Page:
Numbers, numbers, numbers, and all you probably want is a straightforward answer: “Should I use this condom, or not???” If only the answer were so simple. As you probably realize, the only way to be 100% certain you don’t get any infections is to not have any oral, vaginal, or anal sex. Clearly, most people eventually decide to take the plunge and explore the joys of sex. At that point, communication and cooperation between you, your partner(s), and your medical provider becomes crucial for keeping things as safe as possible. If you would like to get tested for any or all of the above testable STIs, you should see your health care provider. Columbia students can make an appointment with Medical Services through Open Communicator or by calling x4-2284. Free and confidential HIV tests are also available to Columbia students through GHAP.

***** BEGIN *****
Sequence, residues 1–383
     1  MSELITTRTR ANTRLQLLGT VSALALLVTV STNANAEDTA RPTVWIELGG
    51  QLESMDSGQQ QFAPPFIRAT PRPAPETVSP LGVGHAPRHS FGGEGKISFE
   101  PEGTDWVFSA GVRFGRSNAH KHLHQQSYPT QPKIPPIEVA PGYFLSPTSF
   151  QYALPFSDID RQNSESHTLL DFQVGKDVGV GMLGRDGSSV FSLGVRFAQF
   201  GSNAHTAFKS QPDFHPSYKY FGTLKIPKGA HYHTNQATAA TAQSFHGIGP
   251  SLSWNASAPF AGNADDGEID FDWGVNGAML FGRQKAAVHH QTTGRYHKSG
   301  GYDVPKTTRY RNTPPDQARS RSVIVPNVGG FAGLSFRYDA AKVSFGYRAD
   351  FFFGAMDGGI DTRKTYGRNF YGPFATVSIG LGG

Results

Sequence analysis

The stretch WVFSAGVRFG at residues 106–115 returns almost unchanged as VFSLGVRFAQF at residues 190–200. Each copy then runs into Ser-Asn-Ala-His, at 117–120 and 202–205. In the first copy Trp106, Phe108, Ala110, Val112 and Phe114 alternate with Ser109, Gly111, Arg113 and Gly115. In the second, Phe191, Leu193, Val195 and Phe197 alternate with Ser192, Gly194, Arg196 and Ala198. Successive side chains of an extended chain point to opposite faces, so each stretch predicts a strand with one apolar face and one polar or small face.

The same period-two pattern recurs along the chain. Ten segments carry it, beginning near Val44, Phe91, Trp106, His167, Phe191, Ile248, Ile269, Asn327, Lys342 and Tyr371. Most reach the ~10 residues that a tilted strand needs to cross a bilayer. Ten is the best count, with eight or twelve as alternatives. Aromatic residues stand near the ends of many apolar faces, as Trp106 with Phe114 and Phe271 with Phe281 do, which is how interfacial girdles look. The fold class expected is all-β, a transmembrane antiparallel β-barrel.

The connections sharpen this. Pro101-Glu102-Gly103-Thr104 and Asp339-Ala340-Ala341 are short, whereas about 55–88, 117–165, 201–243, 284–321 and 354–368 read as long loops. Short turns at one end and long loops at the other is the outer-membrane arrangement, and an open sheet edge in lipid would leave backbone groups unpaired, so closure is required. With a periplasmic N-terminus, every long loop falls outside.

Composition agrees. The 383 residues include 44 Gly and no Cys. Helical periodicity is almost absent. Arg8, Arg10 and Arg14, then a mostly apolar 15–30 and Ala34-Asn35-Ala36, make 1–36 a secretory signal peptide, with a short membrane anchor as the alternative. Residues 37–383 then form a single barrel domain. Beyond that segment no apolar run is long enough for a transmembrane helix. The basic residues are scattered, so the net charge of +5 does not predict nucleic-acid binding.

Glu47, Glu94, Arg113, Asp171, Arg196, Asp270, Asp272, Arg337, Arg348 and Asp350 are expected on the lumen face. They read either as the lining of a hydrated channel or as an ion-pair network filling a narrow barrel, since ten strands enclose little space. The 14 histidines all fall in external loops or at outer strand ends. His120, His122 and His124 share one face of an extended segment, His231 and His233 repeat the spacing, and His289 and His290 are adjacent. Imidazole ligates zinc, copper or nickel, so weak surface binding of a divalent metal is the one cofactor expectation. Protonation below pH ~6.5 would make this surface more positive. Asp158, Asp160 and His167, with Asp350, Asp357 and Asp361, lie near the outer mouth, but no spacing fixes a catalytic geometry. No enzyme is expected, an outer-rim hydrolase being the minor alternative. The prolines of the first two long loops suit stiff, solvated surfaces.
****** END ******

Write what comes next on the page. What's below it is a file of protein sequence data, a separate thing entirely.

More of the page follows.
It’s also important to realize that certain STIs aren’t the end of the world, and as the prevalence numbers show, most people don’t have them. However, it’s good to always be careful and also relax and enjoy your sexuality — hopefully the two can go hand in hand!

Alice